He sputters. “She said she’d help load him if I got him out for you . . . her to see. I did and now she won’t!”
Everett’s turn to shrug. “I think she wants the horse. $300 is what she has to spend, sir, so either accept my daughter’s deal or load up and get on your way.”
The guy stares at him, then me, back at my guardian who smiles. “It’s up to her, she does the horse dealing around here.”
Muttering things that are not polite to repeat in a family friendly blog, the trader accepts the deal. He doesn’t ask for his halter and lead rope, nobody did in those days, they went with the horse.
He pulled out in a rattle of angry tires and we never saw him in our part of the world ever again. Cisco became my trail horse, key hole champ and all around good buddy. He did eventually learn to load and ride in a trailer, home made, topless two horse at that. It never occurred to me to give up trying.
Flash to two days ago. Rattle of hooves, panicky horse whirling and spinning out of a trailer. It’s Royal this time and he is rejecting his brand new to us stock trailer that has replaced the hated two horse.
I watch him shaking my head. It wasn’t the trailer before and it isn’t now. I knew that then too but it was a trade I was willing to make to find a way to help him deal with his troubles without getting either of us killed in the process. Now, it’s time.
We are on our way to Kip Fladland’s first in his winter series of three one-day clinics and by God and all that is holy, I am going to get that horse to stay in the trailer long enough to get him there.
Charlie comes down, he pressures from the rear, I am in the trailer trying to lead him in, side door open in case he goes ballistic when we close him in as Mark, on the gate is ready to do. We are not messing around. He’s in, gate slams, he spins and I am out so fast I barely see him trying to come out beside me. I slam the side door in his bewildered face. Only then I realize I probably scared him more right there than any other thing on the planet.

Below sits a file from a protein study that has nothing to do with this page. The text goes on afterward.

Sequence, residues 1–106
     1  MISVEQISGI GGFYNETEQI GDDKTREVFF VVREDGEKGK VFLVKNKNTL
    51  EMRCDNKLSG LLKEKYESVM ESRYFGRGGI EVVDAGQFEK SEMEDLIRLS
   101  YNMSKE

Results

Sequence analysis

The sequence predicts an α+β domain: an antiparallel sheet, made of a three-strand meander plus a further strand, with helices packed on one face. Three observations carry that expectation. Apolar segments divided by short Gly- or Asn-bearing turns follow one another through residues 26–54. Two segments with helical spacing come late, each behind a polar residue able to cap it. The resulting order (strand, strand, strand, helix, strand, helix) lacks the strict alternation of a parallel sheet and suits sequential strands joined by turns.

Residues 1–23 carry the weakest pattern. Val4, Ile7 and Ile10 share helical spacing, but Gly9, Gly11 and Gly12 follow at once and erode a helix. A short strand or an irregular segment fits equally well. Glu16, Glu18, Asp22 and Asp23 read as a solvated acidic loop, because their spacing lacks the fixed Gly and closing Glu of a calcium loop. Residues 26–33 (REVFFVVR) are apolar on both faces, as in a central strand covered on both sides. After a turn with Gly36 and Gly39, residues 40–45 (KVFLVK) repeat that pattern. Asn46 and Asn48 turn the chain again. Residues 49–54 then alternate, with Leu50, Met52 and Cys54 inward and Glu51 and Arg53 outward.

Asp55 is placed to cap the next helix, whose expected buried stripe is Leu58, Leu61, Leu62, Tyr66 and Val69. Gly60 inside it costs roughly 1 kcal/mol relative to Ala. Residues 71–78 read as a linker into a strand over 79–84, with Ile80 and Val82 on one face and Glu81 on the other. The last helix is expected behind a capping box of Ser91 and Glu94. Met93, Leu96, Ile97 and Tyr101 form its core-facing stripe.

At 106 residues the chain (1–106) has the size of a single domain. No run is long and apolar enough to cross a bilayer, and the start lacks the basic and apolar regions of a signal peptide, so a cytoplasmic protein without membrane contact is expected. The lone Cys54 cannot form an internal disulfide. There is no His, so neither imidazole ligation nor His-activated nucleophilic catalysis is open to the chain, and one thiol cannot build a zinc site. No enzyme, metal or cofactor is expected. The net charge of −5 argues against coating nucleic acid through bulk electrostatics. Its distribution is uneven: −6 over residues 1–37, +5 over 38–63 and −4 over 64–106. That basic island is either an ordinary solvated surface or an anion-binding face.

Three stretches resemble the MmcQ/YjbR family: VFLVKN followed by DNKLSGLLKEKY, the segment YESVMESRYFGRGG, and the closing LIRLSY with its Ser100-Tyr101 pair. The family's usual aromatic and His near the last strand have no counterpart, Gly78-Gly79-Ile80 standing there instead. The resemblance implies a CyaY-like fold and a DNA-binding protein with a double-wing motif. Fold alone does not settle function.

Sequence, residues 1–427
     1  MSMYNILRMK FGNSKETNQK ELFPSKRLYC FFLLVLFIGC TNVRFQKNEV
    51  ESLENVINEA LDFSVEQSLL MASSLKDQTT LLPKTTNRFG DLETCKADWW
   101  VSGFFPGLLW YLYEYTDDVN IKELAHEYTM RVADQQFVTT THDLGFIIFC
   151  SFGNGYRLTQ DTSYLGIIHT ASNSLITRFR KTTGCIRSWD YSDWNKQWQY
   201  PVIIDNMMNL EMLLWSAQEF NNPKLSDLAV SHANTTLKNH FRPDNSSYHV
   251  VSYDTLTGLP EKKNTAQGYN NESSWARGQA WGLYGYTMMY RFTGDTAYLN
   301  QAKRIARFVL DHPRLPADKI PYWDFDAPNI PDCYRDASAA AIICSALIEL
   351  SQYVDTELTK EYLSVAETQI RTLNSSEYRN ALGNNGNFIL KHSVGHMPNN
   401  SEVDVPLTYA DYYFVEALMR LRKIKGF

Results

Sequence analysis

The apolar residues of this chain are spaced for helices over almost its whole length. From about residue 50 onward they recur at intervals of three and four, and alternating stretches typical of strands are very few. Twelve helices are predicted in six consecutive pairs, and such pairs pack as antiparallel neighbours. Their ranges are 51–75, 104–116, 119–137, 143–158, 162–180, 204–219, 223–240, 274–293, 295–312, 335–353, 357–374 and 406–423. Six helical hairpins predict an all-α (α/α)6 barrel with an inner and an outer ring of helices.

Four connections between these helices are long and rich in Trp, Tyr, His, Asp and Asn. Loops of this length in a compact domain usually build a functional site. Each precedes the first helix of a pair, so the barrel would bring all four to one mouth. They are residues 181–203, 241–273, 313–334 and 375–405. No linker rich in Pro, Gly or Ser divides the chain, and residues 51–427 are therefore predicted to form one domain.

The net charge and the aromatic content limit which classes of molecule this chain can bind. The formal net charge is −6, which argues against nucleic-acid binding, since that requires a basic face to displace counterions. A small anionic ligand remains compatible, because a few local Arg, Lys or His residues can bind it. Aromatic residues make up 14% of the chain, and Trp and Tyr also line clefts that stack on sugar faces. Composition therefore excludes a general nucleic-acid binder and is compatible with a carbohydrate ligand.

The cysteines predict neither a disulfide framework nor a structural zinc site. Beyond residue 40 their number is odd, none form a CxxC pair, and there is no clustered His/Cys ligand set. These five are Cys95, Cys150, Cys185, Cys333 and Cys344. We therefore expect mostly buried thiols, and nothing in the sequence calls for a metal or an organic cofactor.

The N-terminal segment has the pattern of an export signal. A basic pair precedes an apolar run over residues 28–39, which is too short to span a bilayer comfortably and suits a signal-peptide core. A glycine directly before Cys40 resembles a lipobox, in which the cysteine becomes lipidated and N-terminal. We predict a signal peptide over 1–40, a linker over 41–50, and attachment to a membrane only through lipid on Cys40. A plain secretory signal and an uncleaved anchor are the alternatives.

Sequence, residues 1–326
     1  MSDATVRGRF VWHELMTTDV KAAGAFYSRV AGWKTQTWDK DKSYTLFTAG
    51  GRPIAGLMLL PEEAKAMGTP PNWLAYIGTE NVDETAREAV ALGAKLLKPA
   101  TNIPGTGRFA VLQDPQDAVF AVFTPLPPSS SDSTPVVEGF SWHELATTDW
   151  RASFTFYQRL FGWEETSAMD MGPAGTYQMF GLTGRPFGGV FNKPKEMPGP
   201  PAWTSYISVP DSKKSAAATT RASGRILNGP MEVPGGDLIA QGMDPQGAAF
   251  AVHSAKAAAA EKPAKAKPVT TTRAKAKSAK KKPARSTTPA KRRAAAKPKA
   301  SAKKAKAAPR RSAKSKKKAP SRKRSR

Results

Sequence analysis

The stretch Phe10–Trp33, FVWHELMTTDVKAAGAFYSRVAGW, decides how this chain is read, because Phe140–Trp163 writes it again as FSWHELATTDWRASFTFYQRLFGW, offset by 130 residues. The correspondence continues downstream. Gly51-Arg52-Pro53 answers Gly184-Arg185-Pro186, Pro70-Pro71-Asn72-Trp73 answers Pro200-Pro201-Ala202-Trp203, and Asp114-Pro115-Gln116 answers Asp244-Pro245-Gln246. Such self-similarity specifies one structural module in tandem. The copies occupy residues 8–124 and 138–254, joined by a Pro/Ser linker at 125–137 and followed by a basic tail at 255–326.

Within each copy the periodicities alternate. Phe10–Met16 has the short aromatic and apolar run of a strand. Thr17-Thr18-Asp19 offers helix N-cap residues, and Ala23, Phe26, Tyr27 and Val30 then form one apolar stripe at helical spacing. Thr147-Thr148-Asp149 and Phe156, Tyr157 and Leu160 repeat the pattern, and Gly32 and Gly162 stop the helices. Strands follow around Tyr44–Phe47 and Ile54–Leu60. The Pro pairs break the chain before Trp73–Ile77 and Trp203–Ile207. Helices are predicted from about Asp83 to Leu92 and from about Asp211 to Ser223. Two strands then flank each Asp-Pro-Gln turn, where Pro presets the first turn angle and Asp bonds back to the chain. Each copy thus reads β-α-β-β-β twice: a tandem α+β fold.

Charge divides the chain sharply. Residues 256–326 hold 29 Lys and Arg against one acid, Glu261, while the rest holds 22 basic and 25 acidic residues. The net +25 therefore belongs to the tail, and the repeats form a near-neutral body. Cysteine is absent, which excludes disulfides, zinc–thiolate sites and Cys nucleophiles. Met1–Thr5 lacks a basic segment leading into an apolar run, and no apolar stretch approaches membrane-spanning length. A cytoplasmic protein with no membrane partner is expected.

Charlie says “dang you are QUICK Terri, you bailed right out of there! Thought you might stay in a minute and pet him a little.”
I have seen what those freaked out hooves can do to strong metal and have no intention of allowing my body to get in the way should that be Royal’s reaction to his capture. I look in warily. He’s not happy but there’s no war going on. I open the gate, toss the lead gently at him to see if he will fire at it out of reaction. When he doesn’t, I am in, and petting him. We both breathe.
He hauls fine to the clinic. Kip has me turn him and back him out of the trailer, telling me to look for some respect from him in the process. Dana operates the gate and the horse wants out, but he lets me do what I want to do.
I expect him to be nervy, jumpy and weirded out by the way we loaded him and his unhappiness in general.
That horse didn’t show up. A calm, quiet eyed fellow was in his hooves. A horse that was willing to try when asked, who settled his flinches and boogers, what little there were, in the morning groundwork.
A horse that I could see when he dragged a foot awkwardly in the sand was responding to my poor timing, not any problem he had. A horse that when jerkily pulled on when I got unhandy tolerated my mistakes and didn’t get flustered or upset with me.
A horse that melted into my hands when I got it right in the saddle, that leg yielded off the barest of cues, that wanted to be wherever I wanted him to be.
We had maybe the best ride of our lives. Again.
Loading up was imperfect but only took two of us. Unloading in the stormy snowy wintery wind was less perfect than that, but me by myself and a horse that does not give up. And neither will I.